Blood glucose was not affected by treatments and was in the normal range for growing calves [28]. All calves were in positive energy balance as they gained weight consistently. There was a significant interaction (Treatment × Period) for this parameter. Blood glucose tended to decrease for Control and Haylage calves with time, while it tended to increase or remain stable for the other two treatments. Lower body weight has been associated with lower blood glucose [32]. Control calves had the lowest final LW (Table 1) followed by the Haylage group. Lower blood glucose has also been associated with thermal stress [33]. It is possible that Control calves had a lower critical temperature, since they had the smallest ADG.

Blood urea nitrogen (BUN) generally decreased during the experimental period (Table 3) except for pasture calves; in these calves, BUN increased during the experiment and, at the end of the experiment, it was significantly higher in Pasture calves compared to the other groups. Blood urea nitrogen is correlated with forage CP content [22]. Crude protein concentration in the pasture offered to calves was 151 g kg−1 DM compared to 114 g kg−1 DM for kale, 108 g kg−1 DM for haylage, and 50 g kg−1 DM for control. Dietary CP requirements of growing calves on pasture treatment of this weight with ADG of 1.54 kg is around 145 g kg−1 DM [26]. For Kale and Haylage groups, CP requirements were around 100 g kg−1 DM and were met for calves with an overall average LW of 242 kg with an ADG of 0.87 kg. In the present study, despite a slightly higher CP supply than requirements, BUN at the end of the experiment was significantly lower for kale fed calves than for the other groups of calves. Water-soluble carbohydrates of kale were not evaluated in the present study but have been reported to be in the range of 200 to 250 g kg−1 DM [34]. It is possible that rumen microbes from this group of calves could utilize more of the degradable protein [25] due to its high carbohydrate contents. Cox-Ganser et al. [29] also reported decreased BUN in sheep fed kale.

Blood TP (Table 3) were within the acceptable ranges for growing calves but, according to Doornenbal et al. [28], this blood parameter has low correlation with the actual animal protein status. Conversely, blood albumin (Table 3) is generally considered with BUN as an indicator of the animal protein status. At the end of the experiment, blood albumin levels were similar () in Control, Kale, and Haylage calves, and greater for Pasture calves, meaning that although BUN was lower in the Kale group, protein status was not impaired. The higher BUN in Pasture calves at the end of the experiment suggests that protein supply was higher than requirements for this group. Furthermore, higher blood albumin concentration for the Pasture group than the others suggests that there were more circulating proteins and these calves may possibly have benefited from a higher CP diet than suggested by the NRC [26]. It also suggests that pasture CP can be efficiently used by young growing animals. On a high quality pasture, the protein availability and the dietary profile of amino acids available for absorption do not appear to be limiting despite the highly degradable nature of pasture protein [35].

High circulating globulins are found generally when an animal immune system is challenged. In the present study (Table 3), this blood parameter was in greater concentrations at the beginning of the experiment and generally decreased during the experimental period for the majority of calves. Transportation may have an impact on animal health [36]. Before the start of the experiment, calves of the present study were transported from a distant farm and acclimated to a new environment. Therefore, it is possible that the immune system reacted to that and produced more antibodies as suggested by the higher initial globulin level. At the end of the experiment, calves from all treatments, except control, had a lower blood concentration of circulating globulins suggesting that the immune system was not overly solicited. Control calves were fed low nutritive value forage plus 1 kg d−1 of barley and, during the last month of the experiment, their ADG was low. It is possible that a combination of a low nutritive value diet, a low growth rate due to more rigorous climate, and possible parasite load caused an increase in antibody production in response to an adaptation to the environment. Kelley et al. [37] concluded that heat and cold stress can mediate either antibody or cell mediated immunity in dairy calves. Carr et al. [38] reported more antibodies production in cold stressed mice. Hicks et al. [39] reported elevated natural killer cytotoxicity in cold stressed pigs. Hangalapura et al. [40] found an enhancing effect of cold stress in chickens on lymphocytes proliferation. Miller and McConnell [41] reported higher antibody production in chronically malnourished infants suggesting an adaptive protective complex against infectious disease and mortality.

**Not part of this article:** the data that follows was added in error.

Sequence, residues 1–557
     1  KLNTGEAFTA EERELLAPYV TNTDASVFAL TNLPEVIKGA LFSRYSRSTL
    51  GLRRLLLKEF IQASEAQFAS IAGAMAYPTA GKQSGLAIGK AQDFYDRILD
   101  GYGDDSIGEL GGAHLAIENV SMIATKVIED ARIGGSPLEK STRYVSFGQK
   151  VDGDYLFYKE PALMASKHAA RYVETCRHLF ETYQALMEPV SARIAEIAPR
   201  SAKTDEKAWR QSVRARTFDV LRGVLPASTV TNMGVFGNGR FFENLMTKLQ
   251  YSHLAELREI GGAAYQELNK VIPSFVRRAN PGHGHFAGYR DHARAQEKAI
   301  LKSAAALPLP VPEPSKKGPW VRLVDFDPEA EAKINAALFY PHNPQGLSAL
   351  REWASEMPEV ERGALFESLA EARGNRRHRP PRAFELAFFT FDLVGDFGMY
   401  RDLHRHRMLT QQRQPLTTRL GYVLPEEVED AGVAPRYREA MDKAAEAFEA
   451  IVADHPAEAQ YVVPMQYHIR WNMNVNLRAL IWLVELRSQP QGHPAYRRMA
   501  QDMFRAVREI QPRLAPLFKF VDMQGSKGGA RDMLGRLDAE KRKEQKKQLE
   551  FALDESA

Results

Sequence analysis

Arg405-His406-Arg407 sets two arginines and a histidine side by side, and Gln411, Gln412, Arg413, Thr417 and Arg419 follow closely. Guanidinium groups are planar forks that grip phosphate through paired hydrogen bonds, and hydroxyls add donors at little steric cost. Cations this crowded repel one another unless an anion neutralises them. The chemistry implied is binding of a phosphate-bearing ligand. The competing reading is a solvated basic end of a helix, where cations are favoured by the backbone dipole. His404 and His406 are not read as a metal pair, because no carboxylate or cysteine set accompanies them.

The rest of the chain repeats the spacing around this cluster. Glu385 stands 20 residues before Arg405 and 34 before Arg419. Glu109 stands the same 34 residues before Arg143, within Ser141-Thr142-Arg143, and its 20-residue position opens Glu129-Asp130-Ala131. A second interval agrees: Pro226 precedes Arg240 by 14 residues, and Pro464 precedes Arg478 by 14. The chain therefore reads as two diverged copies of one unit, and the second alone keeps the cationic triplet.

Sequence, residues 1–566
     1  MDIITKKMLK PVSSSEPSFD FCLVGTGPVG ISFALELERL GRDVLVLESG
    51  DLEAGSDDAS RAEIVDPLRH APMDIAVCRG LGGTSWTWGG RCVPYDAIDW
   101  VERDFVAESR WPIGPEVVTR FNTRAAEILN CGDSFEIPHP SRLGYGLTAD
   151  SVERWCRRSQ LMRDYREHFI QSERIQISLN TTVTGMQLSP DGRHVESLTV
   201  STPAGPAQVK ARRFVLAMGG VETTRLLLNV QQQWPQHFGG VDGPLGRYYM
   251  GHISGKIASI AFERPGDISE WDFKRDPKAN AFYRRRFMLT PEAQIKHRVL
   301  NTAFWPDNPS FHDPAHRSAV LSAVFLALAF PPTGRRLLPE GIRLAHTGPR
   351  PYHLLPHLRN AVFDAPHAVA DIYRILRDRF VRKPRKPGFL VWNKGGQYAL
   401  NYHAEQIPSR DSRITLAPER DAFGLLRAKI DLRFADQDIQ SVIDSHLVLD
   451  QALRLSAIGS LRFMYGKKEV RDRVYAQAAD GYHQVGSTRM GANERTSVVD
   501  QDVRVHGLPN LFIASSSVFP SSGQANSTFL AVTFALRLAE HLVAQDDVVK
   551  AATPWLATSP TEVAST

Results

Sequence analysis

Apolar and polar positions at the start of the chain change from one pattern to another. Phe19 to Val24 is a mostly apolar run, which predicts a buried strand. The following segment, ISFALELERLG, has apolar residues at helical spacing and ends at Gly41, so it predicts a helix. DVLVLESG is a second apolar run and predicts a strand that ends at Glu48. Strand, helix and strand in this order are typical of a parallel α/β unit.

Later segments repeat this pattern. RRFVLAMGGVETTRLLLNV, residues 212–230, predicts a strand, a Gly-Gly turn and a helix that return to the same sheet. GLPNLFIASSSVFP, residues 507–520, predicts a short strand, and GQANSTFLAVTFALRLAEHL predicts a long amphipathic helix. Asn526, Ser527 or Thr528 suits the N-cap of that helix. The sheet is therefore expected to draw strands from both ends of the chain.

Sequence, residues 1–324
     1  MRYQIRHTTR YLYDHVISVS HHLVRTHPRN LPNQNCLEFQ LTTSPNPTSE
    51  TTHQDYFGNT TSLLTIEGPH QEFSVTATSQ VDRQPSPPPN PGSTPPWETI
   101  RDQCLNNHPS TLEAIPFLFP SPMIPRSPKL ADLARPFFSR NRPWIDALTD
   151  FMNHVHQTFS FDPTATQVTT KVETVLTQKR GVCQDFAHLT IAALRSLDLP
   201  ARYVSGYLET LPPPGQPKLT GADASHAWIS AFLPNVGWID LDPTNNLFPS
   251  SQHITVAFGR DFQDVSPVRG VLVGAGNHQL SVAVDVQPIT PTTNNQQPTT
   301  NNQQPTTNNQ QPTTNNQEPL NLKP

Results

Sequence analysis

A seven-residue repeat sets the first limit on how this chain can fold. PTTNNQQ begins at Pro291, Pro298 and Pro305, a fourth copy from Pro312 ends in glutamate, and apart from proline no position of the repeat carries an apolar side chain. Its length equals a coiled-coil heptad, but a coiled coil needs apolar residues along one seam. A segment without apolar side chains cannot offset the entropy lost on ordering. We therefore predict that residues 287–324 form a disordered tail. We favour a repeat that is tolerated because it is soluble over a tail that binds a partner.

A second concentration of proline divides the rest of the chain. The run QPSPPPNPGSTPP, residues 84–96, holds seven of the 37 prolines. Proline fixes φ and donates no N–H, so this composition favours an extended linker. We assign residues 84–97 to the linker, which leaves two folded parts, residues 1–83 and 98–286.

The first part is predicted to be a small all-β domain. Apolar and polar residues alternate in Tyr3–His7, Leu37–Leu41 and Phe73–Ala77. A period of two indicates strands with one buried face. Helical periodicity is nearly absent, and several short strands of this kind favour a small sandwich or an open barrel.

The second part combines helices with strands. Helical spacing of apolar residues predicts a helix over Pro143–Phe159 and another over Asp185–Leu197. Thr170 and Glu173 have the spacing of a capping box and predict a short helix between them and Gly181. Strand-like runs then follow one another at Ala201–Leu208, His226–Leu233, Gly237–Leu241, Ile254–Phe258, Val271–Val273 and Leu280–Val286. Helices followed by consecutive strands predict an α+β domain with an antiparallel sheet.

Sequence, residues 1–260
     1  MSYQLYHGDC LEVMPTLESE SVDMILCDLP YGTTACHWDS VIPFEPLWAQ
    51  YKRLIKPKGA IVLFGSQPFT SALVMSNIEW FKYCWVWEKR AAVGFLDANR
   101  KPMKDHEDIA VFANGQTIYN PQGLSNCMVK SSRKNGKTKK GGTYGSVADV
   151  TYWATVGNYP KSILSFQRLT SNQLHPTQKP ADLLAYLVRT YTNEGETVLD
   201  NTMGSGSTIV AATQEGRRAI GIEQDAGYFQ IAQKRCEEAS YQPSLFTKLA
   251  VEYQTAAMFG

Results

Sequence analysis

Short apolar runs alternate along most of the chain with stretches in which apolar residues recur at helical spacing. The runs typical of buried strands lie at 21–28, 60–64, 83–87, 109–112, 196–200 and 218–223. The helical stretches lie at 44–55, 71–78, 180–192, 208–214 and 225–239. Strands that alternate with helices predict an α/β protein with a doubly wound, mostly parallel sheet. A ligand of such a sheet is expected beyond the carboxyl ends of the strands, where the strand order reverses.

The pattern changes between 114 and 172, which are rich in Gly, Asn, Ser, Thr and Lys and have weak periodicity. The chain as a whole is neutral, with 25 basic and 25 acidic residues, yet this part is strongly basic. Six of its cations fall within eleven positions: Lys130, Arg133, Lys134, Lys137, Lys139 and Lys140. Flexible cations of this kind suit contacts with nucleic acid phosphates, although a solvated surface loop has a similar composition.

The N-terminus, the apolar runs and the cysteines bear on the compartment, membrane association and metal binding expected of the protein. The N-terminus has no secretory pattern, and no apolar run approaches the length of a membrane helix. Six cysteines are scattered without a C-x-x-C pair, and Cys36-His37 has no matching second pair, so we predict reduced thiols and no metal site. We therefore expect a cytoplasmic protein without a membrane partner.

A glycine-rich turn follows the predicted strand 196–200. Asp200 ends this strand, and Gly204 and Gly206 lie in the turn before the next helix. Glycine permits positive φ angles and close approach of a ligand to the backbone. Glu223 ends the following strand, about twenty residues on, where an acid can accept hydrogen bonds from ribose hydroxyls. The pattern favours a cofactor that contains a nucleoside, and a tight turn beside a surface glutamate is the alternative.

In conclusion, Kale pasture can be fed at around 50% of DMI to growing lightweight calves, in combination with a high quality haylage, without detrimental effects on growth performance and health. More research is needed to evaluate the effects of greater proportions of kale in growing cattle rations.

Conflict of Interests

The authors declare that there is no conflict of interests regarding the publication of this paper.


The Ministère de l’Agriculture des Pêcheries et de l’Alimentation du Québec is gratefully acknowledged for funding this project. The authors are grateful to Viandes Sélectionnées des Cantons, la Fédération des Producteurs de Bovins du Québec, and le Centre de Recherches en Sciences Animales de Deschambault for their contribution. Special thanks to Mélissa Duplessis for conducting the statistical analysis. The authors also acknowledge the technical assistance of Mario Laterrière from Agriculture and Agri–Food Canada.